You guys need tell the visitors to keep them selves in the building not go to our driveway and front yards to smoke we don’t want to see this happening
The security guards do there jobs very well an respectful lets all members know of a better area to smoke at.
I am a member of the wellness center, i am also a veteran of the united states Army. I am grateful for the women an men who work to make this possible. I do not leaving my safe place which is my house, but this wellness center has great classes an wonderful, nice member’s aswell as the workers an volunteers. Yes there are rules to follow like no smoking on the facility or near the homes. There are many other places the security guards will happily show the members the best place to smoke. As a member i also feel obligated to help tell and or remind other members to be considerate of the homes. Still, an again i am a veteran with PTSD, a mental illness. The truth is being a bully makes you the true mentally ill person. These people come in to have a good time, not be bothered with any ones home. Shame on all of you that put down these people the have the feeedom to walk on any street no mental illness can stop them for doing so. Stop being bullies. I fought for there freedom to do, if you dont like it…move.
I am very thankful that Tulare County is using funding to help those in need who have suffered from mental illness. The alternative would be to have people who suffer not get the help and resources they need to become an integral part of society. With that said, I also believe location is very important as well. Hopefully the Visalia Wellness Center will help those in the community that is close to their location. Not all programs are for everyone and people need to have options and the ability to find the programs that are right for them. The VWC is for people to have a place to go during the day with activities for them to have to support their needs. I am opening a place Downtown Visalia on Oak Ave to also help those who have suffered from mental illness. We will focus on helping as well but we will also go after the topic that was address in many of the previous comments but not written. We are going to address the STIGMA that is attached to mental illness. Statistic show that 1 in 4 people suffer from mental illness. That is almost someone from every household. People should find out the real truth about mental illness instead of automatically thinking the participants are dangerous and have no place in the community, when the real truth is that we are already in the community and probably live in your neighborhood. Let’s come together as a community to find solutions instead of complaining about those who are trying to help. If you have an idea or solution, please help. Our Grand Opening is October 25th, 206 E. Oak Ave.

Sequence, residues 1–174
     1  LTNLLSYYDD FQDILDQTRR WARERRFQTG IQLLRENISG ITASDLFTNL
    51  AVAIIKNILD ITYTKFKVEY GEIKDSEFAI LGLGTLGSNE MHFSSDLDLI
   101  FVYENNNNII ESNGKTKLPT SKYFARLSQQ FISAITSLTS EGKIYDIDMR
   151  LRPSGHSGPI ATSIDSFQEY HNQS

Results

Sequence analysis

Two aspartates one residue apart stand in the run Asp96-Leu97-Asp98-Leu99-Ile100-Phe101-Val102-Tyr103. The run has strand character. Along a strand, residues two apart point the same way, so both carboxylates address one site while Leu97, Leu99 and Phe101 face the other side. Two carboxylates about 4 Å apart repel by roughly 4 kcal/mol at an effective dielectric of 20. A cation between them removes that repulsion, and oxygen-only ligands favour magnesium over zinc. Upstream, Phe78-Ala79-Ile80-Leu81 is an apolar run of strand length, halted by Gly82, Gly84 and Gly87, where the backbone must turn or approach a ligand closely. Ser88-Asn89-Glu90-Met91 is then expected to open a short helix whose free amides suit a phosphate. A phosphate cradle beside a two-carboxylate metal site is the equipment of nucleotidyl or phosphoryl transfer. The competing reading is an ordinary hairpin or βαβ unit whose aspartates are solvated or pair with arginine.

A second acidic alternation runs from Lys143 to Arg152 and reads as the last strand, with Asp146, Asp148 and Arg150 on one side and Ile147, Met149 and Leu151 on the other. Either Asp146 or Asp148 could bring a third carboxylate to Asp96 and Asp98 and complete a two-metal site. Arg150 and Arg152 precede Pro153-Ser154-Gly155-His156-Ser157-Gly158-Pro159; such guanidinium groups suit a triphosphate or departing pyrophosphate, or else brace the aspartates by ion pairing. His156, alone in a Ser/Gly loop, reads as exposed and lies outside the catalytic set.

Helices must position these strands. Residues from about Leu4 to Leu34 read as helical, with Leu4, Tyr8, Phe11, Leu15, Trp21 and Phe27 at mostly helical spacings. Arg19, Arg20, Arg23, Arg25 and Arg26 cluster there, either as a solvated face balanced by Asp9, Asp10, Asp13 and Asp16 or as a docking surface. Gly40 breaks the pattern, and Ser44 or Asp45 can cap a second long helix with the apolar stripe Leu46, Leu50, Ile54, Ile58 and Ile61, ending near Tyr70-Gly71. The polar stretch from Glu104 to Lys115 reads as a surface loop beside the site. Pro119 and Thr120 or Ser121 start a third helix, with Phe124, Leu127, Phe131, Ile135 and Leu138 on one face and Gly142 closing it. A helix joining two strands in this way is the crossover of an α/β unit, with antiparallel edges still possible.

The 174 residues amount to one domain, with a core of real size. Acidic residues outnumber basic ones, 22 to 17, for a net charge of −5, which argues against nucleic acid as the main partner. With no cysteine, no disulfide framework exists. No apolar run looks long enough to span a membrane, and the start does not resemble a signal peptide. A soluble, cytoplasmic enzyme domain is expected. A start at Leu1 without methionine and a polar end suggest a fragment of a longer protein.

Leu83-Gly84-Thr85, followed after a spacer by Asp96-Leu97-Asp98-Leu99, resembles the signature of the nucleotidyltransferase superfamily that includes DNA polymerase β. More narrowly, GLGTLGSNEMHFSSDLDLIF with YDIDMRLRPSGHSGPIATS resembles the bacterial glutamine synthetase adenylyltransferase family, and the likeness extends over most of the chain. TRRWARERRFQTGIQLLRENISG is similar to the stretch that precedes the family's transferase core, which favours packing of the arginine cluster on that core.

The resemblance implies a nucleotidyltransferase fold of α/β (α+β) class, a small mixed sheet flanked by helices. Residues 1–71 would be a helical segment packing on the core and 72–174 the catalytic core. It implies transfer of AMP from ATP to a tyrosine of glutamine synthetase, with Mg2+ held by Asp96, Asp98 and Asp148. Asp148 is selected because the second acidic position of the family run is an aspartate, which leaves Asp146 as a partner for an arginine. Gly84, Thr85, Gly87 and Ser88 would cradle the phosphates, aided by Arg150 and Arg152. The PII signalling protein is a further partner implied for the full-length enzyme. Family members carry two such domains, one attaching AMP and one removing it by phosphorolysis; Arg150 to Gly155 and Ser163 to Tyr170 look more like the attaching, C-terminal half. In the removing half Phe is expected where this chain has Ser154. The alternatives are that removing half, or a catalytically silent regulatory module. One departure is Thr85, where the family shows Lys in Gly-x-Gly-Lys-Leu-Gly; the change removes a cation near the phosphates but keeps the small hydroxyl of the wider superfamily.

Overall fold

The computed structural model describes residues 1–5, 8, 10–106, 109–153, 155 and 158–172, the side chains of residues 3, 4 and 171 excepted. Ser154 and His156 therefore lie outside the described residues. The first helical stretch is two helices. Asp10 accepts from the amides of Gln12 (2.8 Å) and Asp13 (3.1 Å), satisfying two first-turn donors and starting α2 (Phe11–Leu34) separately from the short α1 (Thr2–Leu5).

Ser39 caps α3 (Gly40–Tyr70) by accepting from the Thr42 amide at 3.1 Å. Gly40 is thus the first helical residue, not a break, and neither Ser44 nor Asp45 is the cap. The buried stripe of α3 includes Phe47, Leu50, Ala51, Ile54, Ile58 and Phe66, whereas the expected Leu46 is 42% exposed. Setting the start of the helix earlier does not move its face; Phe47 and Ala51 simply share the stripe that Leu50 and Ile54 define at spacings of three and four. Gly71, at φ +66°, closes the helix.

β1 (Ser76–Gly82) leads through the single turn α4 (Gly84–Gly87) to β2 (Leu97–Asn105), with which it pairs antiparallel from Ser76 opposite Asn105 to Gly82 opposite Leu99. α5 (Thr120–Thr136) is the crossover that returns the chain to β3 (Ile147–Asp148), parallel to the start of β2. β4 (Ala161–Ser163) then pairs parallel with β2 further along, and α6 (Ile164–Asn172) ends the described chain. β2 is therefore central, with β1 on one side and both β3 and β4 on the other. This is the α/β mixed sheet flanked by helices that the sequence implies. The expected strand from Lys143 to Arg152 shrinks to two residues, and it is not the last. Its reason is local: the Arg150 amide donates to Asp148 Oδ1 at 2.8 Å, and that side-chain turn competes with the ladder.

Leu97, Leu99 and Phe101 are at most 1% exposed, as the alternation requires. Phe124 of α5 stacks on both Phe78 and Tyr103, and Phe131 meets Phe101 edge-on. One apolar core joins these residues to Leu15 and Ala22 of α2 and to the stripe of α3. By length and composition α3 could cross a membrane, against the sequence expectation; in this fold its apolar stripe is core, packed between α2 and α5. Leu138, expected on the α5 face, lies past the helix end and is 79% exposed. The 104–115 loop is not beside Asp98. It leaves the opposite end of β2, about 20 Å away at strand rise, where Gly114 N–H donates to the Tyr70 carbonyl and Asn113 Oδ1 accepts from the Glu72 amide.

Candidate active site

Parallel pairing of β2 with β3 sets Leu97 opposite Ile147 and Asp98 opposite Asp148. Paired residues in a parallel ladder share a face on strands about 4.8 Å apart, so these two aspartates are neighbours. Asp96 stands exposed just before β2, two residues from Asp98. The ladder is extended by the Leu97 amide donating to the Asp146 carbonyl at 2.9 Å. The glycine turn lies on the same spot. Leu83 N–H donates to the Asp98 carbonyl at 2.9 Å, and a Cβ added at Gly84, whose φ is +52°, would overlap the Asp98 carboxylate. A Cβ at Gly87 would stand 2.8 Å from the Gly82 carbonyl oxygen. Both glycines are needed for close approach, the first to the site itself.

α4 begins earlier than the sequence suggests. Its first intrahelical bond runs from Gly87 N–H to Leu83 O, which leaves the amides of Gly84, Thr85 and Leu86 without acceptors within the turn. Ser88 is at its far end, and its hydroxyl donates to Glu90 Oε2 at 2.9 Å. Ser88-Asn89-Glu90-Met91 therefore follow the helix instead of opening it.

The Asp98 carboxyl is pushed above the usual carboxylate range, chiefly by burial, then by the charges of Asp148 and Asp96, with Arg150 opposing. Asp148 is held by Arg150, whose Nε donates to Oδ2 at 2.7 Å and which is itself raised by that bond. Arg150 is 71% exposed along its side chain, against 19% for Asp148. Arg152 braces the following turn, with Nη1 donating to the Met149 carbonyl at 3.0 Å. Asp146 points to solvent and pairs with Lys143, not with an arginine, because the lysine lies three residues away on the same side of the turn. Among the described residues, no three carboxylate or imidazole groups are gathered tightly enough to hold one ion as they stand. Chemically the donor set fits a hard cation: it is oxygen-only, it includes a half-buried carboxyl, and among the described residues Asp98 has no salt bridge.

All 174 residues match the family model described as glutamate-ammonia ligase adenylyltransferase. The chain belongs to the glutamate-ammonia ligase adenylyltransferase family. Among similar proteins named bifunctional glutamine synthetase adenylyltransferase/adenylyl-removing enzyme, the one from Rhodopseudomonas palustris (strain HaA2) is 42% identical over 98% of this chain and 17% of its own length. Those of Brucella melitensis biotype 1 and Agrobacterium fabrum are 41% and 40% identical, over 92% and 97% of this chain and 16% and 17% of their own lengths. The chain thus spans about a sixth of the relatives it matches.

I would like to hear from the folks who spoke negatively about VWC, back in 2019. How is everything going now, May, 2022? Were you pleasantly surprised to find you were wrong, or were you correct? If I remember correctly, the Board of Sups tried to sneak this business in without fanfare. If so, shame on them. Transparency is key. No room for these types of tactics. I’m hoping the neighborhood hasn’t had any problems with the folks served. Funny mentioning a tatoo business across the street. The owner of this, many years ago, was a stand-up family man. Humm … that building caught fire, didn’t it? Or was it demolished due to age.